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Blaze ‘Em: Giants 10, Phillies 7

Things got bad dramatically but they didn’t have to

MLB: San Francisco Giants at Philadelphia Phillies Kyle Ross-USA TODAY Sports

Fresh off the pain of yesterday, the Phillies hoped to rebound against the Giants and try to salvage what was left of their dignity. And things started well! The Phillies sent Zack Wheeler out to attack this Giants lineup with a pretty normal starting 9 as well, save for Hoskins and Gregorius. Wheeler pitched pretty well and efficiently for the first four innings, aided by defense like a tremendous catch in center field by Mickey Moniak in the first inning.

Unlike recent games, the offense contributed, aided by the young guns. Brad Miller, Alec Bohm, and defensive sub Rhys Hoskins (don’t worry, I’ll explain) all hit home runs. Nick Maton, notably, kicked things off in the first with the first RBI of his career.

Six starters in total contributed offensively tonight through runs or RBIs, which is great to see considering how slowly the offense has taken to warm up, and how inconsistently they’ve hit.

But even from the beginning of this match, there were signs that it was cursed. Jean Segura injured himself running to first base to end the second inning. Segura has been red-hot to start 2021 and losing his bat can only spell bad news for this underwhelming Phillies offense.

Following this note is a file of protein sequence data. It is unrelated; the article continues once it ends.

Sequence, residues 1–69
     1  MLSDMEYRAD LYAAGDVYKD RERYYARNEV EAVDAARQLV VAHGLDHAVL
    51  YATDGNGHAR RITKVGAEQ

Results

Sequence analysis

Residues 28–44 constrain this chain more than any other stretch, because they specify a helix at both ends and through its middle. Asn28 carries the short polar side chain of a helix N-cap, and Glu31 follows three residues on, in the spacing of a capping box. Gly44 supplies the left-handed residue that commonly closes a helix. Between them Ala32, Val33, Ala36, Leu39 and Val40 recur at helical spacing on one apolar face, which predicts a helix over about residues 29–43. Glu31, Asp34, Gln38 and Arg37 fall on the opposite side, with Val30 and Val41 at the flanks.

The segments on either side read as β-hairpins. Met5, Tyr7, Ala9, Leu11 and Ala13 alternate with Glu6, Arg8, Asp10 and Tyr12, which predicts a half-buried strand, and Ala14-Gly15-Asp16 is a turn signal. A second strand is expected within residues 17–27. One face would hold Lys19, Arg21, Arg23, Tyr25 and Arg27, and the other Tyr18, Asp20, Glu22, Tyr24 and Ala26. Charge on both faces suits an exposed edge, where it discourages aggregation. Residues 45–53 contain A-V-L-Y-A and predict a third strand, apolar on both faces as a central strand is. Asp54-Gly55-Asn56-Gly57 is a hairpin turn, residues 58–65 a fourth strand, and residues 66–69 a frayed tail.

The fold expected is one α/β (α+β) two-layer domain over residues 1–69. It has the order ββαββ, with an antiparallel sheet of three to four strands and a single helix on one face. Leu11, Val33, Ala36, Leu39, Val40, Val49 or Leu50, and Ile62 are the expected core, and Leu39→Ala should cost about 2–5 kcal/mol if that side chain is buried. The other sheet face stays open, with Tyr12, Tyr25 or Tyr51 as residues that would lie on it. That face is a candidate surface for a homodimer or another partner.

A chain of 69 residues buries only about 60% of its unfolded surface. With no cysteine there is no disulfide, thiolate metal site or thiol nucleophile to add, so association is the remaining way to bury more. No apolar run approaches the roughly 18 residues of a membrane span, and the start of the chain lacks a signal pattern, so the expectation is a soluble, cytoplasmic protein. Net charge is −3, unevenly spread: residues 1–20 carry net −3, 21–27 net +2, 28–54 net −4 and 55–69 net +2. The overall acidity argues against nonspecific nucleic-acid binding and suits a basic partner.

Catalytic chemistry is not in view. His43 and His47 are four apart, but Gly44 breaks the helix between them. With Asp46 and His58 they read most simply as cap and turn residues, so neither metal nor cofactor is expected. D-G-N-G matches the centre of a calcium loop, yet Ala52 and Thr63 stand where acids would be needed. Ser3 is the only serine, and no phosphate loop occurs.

The wheels began to fall off in the fifth inning, when Wheeler did his best Vince Velasquez impression and labored through 7 ABs, striking out two and giving up 3 runs on 2 long balls. It was, in a word, frustrating. By the time he was pulled in the sixth, Wheeler had given up another homer and thrown well over 100 pitches.

But the blame can’t be shouldered entirely by Wheeler. A large part of this loss falls to Joe Girardi, who pretty much allowed this game to implode through mismanagement, namely leaving Connor Brogdon in for way too long. Look, there are no perfect options in this bullpen, but Brogdon was due to get knocked around sooner or later. Allowing him to face 8 batters and give up an astonishing 6 ER to make it 10-6 was just one move that meant that a winnable game slipped away. And that doesn’t even get into head-scratching decisions like subbing in Roman Quinn for Mickey Moniak and *checks notes* second baseman Andrew Knapp? Wait, that really happened tonight:

I think that this game exemplifies what it has been like to watch the Phillies in recent seasons: things begin well enough, but a combination of managerial errors, injury, and missed opportunities all add up to snatch defeat from the jaws of victory. This was a winnable game, one of many the Phillies have and will faced this season, and they just can’t keep losing these.

With this loss, the Phillies fall to 8-9 on the season. Tonight’s loss is best forgotten, so it’s a good thing that it’s April 20. Hopefully tomorrow afternoon’s game is better, because we won’t have the luxury of an alibi for forgetfulness.